About this time, I had the belated thought that if I quickly assembled the cargo bed floor (F1), frame rails (F6,F7), and crossmember (F5) from step 27 I would have a nifty jig to help with alignment. I will note that does make the back side (F3) a bit touchy to get in later.


The engine, transmission, and transfer case are a different story as their locations are not positive and the instructions not always clear. I test fit all the way into the rear axles before being satisfied. The transfer case is key but the instructions show only one side of the mount to the frame rails. I did not glue A3 onto the transfer case, but rather directly into the frame rail (orange arrow), then glued the transfer case in.


With that done, I could fiddle with the short propshaft (A27) and the combined engine/transmission and fit them with the very front of the engine resting just a bit on the bracket sticking back out of crossmember A34. The tape hides this, sorry. I shortened the "shafts" on each side of the propshaft and took a little off the faces of the transmission and transfer to get a little slack in the fit.



And that was steps 2-3. In step 4, I did not glue the springs (B13) to the axle A6, thinking the wheels might be fully articulated.

In step 5, there are about 20 pieces for each rear axle. They are identical but many times only one part on the sprue is numbered (e.g., B17, B27, B49, B30-33). My method was to use the unnumbered part on the 1st axle so I could find the right one for the 2nd axle. Sand down, a little, the face of B27 and B32 to give the propshafts a little wiggle room later. Pay close attention to the drawings.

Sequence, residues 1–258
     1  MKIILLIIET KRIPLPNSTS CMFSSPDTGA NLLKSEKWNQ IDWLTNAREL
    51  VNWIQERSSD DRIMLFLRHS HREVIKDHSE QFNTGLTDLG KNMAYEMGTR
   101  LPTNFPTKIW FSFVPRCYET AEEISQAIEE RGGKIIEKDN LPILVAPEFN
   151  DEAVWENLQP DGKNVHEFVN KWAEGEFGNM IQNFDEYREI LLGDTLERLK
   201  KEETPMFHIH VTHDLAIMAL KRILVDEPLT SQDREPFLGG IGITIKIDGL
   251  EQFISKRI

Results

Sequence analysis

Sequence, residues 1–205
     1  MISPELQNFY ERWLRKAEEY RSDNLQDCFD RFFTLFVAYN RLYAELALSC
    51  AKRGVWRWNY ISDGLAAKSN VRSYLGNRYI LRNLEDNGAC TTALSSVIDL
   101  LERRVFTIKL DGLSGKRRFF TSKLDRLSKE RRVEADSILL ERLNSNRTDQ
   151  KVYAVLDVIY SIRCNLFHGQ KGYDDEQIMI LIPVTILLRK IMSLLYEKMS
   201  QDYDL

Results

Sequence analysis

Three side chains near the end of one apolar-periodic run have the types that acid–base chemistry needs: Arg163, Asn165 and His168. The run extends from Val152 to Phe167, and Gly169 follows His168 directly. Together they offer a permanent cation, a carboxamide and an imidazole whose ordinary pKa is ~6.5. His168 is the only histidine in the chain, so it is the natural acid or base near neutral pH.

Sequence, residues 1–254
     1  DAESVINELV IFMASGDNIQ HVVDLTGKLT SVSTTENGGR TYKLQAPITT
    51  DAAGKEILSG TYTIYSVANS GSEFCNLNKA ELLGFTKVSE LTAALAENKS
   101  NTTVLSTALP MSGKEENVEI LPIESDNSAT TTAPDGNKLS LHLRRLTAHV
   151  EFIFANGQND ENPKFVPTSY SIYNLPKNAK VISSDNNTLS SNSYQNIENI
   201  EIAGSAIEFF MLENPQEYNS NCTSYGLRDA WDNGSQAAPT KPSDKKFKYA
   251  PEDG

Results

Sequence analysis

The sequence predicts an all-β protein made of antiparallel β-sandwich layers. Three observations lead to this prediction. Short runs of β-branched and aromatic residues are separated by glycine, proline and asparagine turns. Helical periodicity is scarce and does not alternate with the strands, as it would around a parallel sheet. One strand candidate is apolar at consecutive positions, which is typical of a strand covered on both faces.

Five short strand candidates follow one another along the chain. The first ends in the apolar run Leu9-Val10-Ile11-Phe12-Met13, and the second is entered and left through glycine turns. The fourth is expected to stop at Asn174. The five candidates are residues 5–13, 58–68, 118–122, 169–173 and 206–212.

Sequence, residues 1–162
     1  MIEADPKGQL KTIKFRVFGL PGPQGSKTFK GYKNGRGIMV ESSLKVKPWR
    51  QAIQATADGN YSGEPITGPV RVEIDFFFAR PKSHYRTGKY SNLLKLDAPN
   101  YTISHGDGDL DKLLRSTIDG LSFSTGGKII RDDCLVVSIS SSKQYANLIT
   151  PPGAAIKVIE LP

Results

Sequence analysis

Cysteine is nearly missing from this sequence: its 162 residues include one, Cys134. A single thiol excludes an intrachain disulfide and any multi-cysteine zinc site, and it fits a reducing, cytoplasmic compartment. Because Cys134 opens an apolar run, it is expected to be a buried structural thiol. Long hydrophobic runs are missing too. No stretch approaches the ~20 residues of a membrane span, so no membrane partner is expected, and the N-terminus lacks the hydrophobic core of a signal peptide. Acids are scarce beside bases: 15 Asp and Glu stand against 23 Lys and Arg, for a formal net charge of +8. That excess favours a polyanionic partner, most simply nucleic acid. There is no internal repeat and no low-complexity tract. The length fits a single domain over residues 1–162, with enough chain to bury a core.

Step 6 is a nightmare because the axles will not be articulated when finished and all axle movement will be lost so they must be square and aligned. The propshafts (A12, A26) are crucial to this which is why there needs to be some wiggle room to prevent stress on the whole assembly which might lift a wheel. I spent hours over a couple days with parts and tape trying to hold everything together preparatory to gluing things down, trying to avoid the dreaded floating wheel.


One of the issues is that the instructions do not show, clearly, where the torsion bars (B22) mount on the inside of the frame rails -- but all is revealed below ….


And, as I said, by this time all articulation in the rear axles has been lost -- it would not be easy figuring out how to make an uneven ground scene.


Steps 7-9 are the front axle which is very much like the rear axles. I am going to spoil the suspense - the kit box says "steerable", in the First Look I allowed "positionable", and after getting to step 10, I'll reduce that to "wiggleable". The point being to allow for how the front wheels will be displayed on the finished model.

To preserve that wiggle room, do not get cement on B20 and B21, pay close attention to the alignment of the steering knuckle arm (B44), get no glue near the tierod (C15), and again, allow some wiggle room for the propshaft (A11) as before. The tie rod is a press fit onto B20/B21 but needs to be carefully drilled out with a #58 to make that happen.

At this point, I mounted the front axle and did my best to make it all sit level. Note some propshafts and such are missing.


Continuing on with step 10, there is an error in the instruction drawing. The red outlined lever is C51, but is not identified; before I outlined it, it wasn't even easy to see. So, C10 pins C51 to the frame, see orange arrow, mind the glue.


Then the upper drag link (C19) connects the lever (C51) and steering box, and the lower drag link (C50) connects the lever (C51) and the steering knuckle (B44).